Published by the American Geological Institute
Newsmagazine of the Earth Sciences
AGI's 35 member societies
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The W. Storrs Cole Memorial Research Award was established in 1989 to support research in invertebrate micropaleontology. It was not awarded this year due to a lack of qualified applications. The stipend for this award in 2000 was $9,500 and will be the same in 2001. The award is given to a Geological Society of America member or fellow between 30 and 65 years of age who has published one or more significant papers on micropaleontology.
Information and application forms may be requested from Grants, Awards and Medals Program Officer, Geological Society of America, P.O. Box 9140, Boulder, CO 80301, by e-mail at firstname.lastname@example.org or from www.geosociety.org.
All applications must be postmarked on or before Feb. 1, 2001.
A Grand Award
The Geological Society of America awarded Joel L. Pederson of Utah State University in Logan, Utah, the 2000 Gladys W. Cole Memorial Research Award for his post-doctoral research on the Grand Canyon. The award, established in 1980, carries a stipend of $11,500. It supports research of the geomorphology of semi-arid and arid terrains in the United States and Mexico.
Though there has been 130 years of geomorphic research on the landscape evolution of the Grand Canyon region, “with new tools and approaches we are continuing to piece together the story of the erosion of this fantastic place,” Pederson says.
He is working on a suite of Pleistocene stream terraces in the eastern Grand Canyon. Pederson’s research will provide updated rates of incision of the Canyon, clarify what has controlled and affected erosion in the area, and address problems in geomorphology of what stream terraces mean and how they can be used, he says. “At the large scale, results are bringing into focus the emerging picture of an eastern and a western Grand Canyon with distinctly different Quaternary landscape histories.”
Through the generosity of the late W. Storrs Cole, the Gladys W. Cole Memorial Research Award is given to a GSA member or fellow between 30 and 65 years of age who has published one or more significant papers on geomorphology. Funds cannot be used for work already accomplished, but recipients of a previous award may reapply if they need additional support to complete their work. The amount of this award in 2001 will be $11,500. The deadline for application is Feb. 1, 2001.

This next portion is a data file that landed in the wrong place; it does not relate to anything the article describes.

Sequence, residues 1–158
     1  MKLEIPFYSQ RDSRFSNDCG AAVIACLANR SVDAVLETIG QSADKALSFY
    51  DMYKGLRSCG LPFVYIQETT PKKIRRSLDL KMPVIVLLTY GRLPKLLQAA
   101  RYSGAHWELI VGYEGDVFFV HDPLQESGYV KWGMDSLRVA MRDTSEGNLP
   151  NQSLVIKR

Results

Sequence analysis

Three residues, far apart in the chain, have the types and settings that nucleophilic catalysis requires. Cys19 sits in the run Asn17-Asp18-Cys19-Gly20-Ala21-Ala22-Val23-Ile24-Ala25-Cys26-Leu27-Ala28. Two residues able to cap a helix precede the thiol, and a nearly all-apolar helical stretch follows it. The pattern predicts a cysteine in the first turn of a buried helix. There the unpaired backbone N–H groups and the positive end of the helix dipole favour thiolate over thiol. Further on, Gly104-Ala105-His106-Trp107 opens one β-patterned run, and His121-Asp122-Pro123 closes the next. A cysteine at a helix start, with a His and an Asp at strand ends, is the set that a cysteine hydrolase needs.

Joel L. Pederson in the Grand Canyon.
honors for National Sea Grant director
Ronald Baird after a successful
brook trout fishing trip on Bazeley
Pond in Uxbridge, Mass.
|Ronald Baird, director of the National Sea Grant College Program, received
a Presidential Rank Award on Nov. 2 for his accomplishments in helping
to position the United States as a world leader in marine research and
the sustainable development of coastal resources, the National Oceanic
and Atmospheric Administration announced last month.
“Throughout his career, Ron has compiled a distinctive record of outstanding accomplishments,” said D. James Baker, NOAA administrator. “This is a fitting recognition of the work he has done and the major innovations he continues to bring to Sea Grant and NOAA as a whole.” NOAA manages Sea Grant, which acts as a bridge between the federal government and the 29 sea grant universities across the nation.
The Presidential Rank Award recognizes a small group of career senior executives. Winners are selected because they deliver great service, foster partnerships and community solutions to achieve results, and continuously strive to work efficiently and effectively.
Baird, who was named Sea Grant director in 1996, is considered to have provided crucial leadership in putting the Sea Grant reauthorization legislation back on track after it stalled in Congress for two years. His efforts resulted in the legislation passing with near unanimous support.
The Rolex Award for Enterprise awarded Elizabeth Nicholls of the Royal Tyrrell Museum of Paleontology in Drumheller, Alberta, as a Rolex Laureate in Canada for her work on recovering a rare ichthyosaur. Nicholls, curator of marine reptiles at the Royal Tyrrell Museum, raised funds for six years before excavating the 23-meter long fossil in 1998. “This ichthyosaur is so big that it is beyond the scope of anything I, or my museum, would normally have undertaken,” Nicholls says. Before this discovery, the largest known marine reptile was a 15-meter-long shonisaur — recovered without a complete skull from the Nevada Desert. The Rolex award presented to Nicholls this summer provides $75,000 to help her complete excavations and laboratory work on the ichthyosaur.
The Rolex Awards for Enterprise are given every two years. Deadlines for the 2002 awards vary by location. Enterprising individuals from around the globe are asked to submit innovative working projects in one of five areas of human endeavor: science and medicine; technology and innovation; exploration and discovery; the environment; and cultural heritage. An independent selection panel will judge these initiatives based on their originality, feasibility, potential impact, and above all, on whether the applicant demonstrates a spirit of enterprise. All projects must result in the betterment of humankind. The winners will be announced in October 2002. For more information, visit www.rolexawards.com.
Right: Elizabeth Nicholls paints
the skull of an ichthyosaur with vinac, a solution designed to preserve
Associate Editor Christina Reed compiles Society Page.